Rhetoric, Religion and the Civil Rights Movement, 1954-1965

By Davis W. Houck; David E. Dixon | Go to book overview

§106 Reverend Fred L. Shuttlesworth

Reverend Shuttlesworth’s biography appears in the introduction to his June 5, 1957 sermon in Birmingham, Alabama. In the following annual address to the Alabama Christian Movement for Human Rights, Reverend Shuttlesworth takes stock of the past year and the iconic status that Birmingham now occupied in the nation’s imagination. Borrowing from President Kennedy, Shuttlesworth employs the “But for Birmingham” phrase to great effect. And while he recounts with no small degree of pride the steps which the city has taken, hate and fear still grip many in Birmingham. It is by no means an integrated city. But Shuttlesworth also places the Birmingham movement in a larger context, one in which the Civil Rights Bill of 1964 and a complete rethinking of blacks’ role in the larger society are its tangible results. Indeed, Birmingham blacks “have forever left the Egypt of discrimination and inequality, and have set their sights upon the promised freedoms of Canaan.” The Birmingham movement also has enabled an important opportunity for religion to be made “real in the lives of men.” Perhaps “Deep South pulpits will no longer be captive; but that from them will sound the Word of God to the Hearts of men.”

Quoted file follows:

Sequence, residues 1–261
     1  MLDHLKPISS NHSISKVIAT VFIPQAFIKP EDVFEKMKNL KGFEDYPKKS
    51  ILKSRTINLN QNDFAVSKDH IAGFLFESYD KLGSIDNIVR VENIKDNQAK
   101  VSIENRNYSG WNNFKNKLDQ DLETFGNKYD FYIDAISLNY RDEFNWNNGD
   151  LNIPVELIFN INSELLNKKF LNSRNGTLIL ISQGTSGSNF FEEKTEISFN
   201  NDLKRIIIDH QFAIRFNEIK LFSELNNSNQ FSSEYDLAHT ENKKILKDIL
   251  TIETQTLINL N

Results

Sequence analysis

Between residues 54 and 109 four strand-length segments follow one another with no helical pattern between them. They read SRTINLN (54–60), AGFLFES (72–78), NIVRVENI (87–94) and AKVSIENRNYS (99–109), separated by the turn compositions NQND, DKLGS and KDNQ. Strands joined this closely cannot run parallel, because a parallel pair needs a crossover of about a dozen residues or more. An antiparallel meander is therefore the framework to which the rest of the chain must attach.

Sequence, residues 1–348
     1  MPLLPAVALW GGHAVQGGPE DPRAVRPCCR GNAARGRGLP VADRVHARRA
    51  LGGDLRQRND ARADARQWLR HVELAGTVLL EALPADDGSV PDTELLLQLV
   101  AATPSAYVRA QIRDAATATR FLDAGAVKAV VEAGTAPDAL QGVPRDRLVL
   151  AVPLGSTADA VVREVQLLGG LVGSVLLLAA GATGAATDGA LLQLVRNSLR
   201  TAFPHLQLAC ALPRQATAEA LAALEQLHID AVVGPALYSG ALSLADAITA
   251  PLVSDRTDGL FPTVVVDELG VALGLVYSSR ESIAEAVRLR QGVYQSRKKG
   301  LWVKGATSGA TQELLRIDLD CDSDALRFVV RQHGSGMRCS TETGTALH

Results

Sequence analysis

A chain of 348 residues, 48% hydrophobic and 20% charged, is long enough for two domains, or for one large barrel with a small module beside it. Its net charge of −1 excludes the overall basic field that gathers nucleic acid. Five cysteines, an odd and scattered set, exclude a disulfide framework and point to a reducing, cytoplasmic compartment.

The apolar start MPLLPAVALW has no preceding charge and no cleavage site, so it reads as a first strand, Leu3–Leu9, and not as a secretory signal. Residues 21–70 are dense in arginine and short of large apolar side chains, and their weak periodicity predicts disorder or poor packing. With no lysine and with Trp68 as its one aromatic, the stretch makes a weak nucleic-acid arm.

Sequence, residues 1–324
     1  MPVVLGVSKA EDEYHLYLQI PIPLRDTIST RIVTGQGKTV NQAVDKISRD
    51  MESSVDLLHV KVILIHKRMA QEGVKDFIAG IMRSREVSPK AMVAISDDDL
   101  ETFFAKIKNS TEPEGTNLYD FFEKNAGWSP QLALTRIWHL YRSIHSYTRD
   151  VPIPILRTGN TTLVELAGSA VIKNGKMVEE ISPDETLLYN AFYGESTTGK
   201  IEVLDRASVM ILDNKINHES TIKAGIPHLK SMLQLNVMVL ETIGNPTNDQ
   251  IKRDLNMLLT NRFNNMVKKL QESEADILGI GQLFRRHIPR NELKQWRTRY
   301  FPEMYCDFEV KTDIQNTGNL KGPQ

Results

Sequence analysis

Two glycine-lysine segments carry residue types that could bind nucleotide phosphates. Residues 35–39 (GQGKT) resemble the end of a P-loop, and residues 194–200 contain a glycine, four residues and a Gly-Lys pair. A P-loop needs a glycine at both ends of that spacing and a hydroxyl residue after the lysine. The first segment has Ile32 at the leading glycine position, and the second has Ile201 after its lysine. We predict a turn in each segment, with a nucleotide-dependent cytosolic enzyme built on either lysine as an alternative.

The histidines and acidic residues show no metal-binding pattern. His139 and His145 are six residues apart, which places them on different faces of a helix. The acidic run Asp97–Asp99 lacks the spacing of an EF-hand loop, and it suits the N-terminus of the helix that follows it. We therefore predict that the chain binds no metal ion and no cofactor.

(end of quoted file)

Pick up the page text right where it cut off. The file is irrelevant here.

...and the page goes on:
The National Civil Rights Crises and Our Relationship To It
Eighth Annual Address to the ACMHR, Birmingham, Alabama
June 5, 1964

The occasion of our Eighth Anniversary as a Movement for Freedom, Justice, and Human Dignity, finds us still deeply engaged with the opposing forces of darkness. We dare not let up in our struggle lest these forces of reaction roll back our gains and turn the hands of the clock back past the horrors of the Slave Period when there was no hope for a man with a “black skin.” We are today more determined that there be no let-up in the struggle, no cowardice in the non-violent battle, no cooling off period in a hot age, and no retreat from the front lines. Each one of us must be Christian, vigilant, consecrated, courageous, and full of faith that he who fights on God’s side is assured of victory.

The gains which ACMHR has accomplished in this the most notoriously segregationist stronghold are numerous, and give us cause for rejoicing, and hope for a brighter future. We rejoice that we can ride buses up front; that Negroes and Whites can visit baseball parks and play ball together; that Negro children can play at Kiddie-Land and the Zoo; that golf courses are open to Negroes; that train terminals, and bus facilities are equally available to all; that doors to all Birmingham public schools are being pried open for Negroes; that segregation signs have bitten the dust all over the city that some stores downtown have desegregated facilities and hired Negro personnel; that Negroes can now eat at the Airport Restaurant

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